How To Increase your wealth with life insurance

Life insurance, as everyone knows, protects your family and loved ones financially in the case of your death. However, did you know that certain life insurance policies contain a cash value that grows over time? And did you know that you may obtain the cash value of some of these plans while you’re still alive?

Permanent life insurance policies are in force for the duration of the insured’s life and accumulate cash value over time. Similar to retirement or college savings plans, these permanent policies feature a death benefit (or face amount) that is paid upon death and a cash value that builds tax-deferred over time.

How is cash value implemented?

Depending on the type of permanent policy you have, your cash value will accumulate differently over time. Keep in mind that there are limits on how much your cash value may grow relative to your death benefit, even though many permanent policies permit you to add additional funds to the policy to raise its cash value.

If an insurance policy is overfunded, it is considered an investment and loses its tax benefits. However, your insurer will monitor the policy to ensure that it adheres to the criteria.

In addition, many permanent policies allow you to access your cash value at any time and for any purpose, whether it’s for a down payment on a home, paying for your child’s education, or supplementing your retirement income. You may even be able to defer premium payments by using the cash value to continue paying your life insurance premiums and preserve your present life insurance coverage.

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What happens to the cash worth after passing?

When a death claim is made, the contract is terminated and the cash value ceases to grow. The cash value may or may not be paid in addition to the death benefit, depending on the type of insurance and death benefit. Consult your independent agent to determine how a particular permanent life insurance policy treats monetary worth after death.

Types of permanent life insurance

Permanent life insurance comes in four forms: whole life, universal life, variable life, and variable universal life. Consult with an independent agent to assist you to choose the best option.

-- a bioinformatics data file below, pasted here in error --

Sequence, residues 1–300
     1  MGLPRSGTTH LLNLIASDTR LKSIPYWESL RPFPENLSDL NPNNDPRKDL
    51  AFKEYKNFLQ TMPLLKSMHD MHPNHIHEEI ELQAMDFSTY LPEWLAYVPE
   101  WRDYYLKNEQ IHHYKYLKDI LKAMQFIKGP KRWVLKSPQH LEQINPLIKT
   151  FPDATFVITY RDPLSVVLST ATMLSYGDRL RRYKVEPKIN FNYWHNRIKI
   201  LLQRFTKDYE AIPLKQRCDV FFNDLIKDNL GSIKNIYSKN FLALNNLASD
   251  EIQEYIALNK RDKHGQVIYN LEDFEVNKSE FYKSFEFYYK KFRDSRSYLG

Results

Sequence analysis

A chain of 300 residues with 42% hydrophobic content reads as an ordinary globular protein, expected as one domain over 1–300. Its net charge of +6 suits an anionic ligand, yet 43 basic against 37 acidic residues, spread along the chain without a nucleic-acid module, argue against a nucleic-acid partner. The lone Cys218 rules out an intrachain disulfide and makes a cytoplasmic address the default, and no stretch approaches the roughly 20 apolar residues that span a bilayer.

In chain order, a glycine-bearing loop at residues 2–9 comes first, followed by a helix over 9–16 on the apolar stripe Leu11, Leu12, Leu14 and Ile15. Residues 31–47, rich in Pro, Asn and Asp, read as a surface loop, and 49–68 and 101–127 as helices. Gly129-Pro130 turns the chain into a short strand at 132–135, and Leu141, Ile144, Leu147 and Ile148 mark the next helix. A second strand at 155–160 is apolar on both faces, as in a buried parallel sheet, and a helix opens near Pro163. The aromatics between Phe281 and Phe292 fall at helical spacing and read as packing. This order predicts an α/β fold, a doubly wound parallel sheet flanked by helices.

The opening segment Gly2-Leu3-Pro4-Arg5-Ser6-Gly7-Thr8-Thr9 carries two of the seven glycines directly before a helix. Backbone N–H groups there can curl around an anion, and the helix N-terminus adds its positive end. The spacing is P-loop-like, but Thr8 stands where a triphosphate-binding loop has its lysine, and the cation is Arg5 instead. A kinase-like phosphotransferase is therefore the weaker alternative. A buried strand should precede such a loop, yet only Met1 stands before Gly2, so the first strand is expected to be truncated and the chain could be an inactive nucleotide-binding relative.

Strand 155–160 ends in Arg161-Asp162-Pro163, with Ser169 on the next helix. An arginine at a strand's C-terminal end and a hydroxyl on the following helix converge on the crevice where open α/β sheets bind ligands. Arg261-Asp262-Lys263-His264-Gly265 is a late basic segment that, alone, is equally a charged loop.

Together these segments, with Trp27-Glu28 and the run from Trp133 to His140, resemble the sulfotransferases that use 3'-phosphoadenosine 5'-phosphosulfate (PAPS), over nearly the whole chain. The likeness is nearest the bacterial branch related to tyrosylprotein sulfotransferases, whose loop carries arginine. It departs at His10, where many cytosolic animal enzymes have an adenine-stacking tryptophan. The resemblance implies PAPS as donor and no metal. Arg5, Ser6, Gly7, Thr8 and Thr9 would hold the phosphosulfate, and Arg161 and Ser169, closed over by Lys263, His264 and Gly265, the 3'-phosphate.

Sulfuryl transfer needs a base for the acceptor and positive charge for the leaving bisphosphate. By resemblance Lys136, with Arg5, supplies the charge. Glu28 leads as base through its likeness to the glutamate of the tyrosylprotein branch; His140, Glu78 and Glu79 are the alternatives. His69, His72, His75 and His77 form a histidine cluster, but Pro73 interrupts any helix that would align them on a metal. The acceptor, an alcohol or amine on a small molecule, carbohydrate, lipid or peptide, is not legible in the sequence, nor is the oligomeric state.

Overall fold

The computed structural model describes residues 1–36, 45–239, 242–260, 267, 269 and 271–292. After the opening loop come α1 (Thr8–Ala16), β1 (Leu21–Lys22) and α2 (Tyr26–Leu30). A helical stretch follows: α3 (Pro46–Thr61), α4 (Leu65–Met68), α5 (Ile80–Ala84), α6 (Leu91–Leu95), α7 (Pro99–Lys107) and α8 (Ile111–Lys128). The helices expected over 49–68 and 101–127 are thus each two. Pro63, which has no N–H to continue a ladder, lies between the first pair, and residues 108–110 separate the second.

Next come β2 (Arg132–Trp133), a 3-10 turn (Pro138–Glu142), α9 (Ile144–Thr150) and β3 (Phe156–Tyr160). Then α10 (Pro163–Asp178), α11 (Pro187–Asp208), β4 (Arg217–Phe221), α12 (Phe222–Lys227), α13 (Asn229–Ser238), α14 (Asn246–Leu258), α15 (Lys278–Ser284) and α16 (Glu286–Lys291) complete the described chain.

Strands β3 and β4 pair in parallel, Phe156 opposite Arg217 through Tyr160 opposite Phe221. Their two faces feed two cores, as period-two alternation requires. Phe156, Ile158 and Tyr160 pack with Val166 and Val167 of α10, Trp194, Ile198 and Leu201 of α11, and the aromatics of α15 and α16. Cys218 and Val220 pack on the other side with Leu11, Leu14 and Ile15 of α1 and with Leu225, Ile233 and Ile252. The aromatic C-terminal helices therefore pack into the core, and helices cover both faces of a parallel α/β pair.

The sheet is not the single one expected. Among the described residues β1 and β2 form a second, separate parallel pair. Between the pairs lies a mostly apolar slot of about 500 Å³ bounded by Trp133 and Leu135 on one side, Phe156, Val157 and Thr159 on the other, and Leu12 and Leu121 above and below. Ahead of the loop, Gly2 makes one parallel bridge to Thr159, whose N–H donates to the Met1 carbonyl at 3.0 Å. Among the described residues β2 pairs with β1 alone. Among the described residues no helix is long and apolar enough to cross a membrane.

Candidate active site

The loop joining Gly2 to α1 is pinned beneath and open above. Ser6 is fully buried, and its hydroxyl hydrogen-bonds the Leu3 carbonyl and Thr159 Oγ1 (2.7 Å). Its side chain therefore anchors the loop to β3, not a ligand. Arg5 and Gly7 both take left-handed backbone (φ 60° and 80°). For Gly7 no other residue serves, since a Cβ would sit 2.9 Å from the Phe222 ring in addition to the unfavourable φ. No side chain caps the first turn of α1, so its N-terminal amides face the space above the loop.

Whole life insurance.

Whole life insurance is the simplest choice with almost no risk. The premiums for whole life insurance do not change. Also assured are the death benefit and cash value amounts. You will receive a chart with predetermined cash value numbers for each year of your policy when you purchase whole life insurance. If you wanted to withdraw from your cash value but did not know how much you could withdraw, you would use this chart to establish your cash value at that time in your contract.

Universal life insurance.

Universal life (UL) insurance policies combine a death payout with an interest-bearing savings account. Today, average interest rates for UL plans range between 3 and 4 percent and are routinely evaluated and altered as necessary.

A minimum interest rate is also specified in the contract. UL provides the flexibility of variable premiums, so you can pay less when your finances are tight and more when you have excess income.

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The policy has a guaranteed minimum death benefit, assuming your premium payments can support it, as well as a bigger cash value potential due to the policy’s interest accumulation and the option to increase your premiums.

Variable life insurance.

Variable life (VL) insurance has fixed premiums. However, these fixed premiums are assigned to several investment possibilities, much like mutual funds. Your liquidity is contingent on the performance of these investments.

This transfers the insurance company’s investment risks to you. There is the possibility of achieving a considerably higher cash value, but there is also the possibility of losing some or all of your cash value.

Variable universal life insurance.

Variable universal life (VUL) combines the investment component of variable life (VL) with the flexibility of variable premium payments in variable life (UL). Many investment alternatives with varied degrees of risk and profit are tax-free.

If your needs change after you purchase the policy, you can amend the coverage amount without having to enter into a new contract. If you don’t have enough money, you can use the cash value to cover the policy’s expenses.

You might increase your premiums or make a lump-sum payment to improve your cash worth. This insurance, like variable life, has a higher risk and potential benefit than whole life. It is, however, adjustable if your needs change over time.

Inquire with your independent Grange Life agent about appropriate term and permanent insurance.


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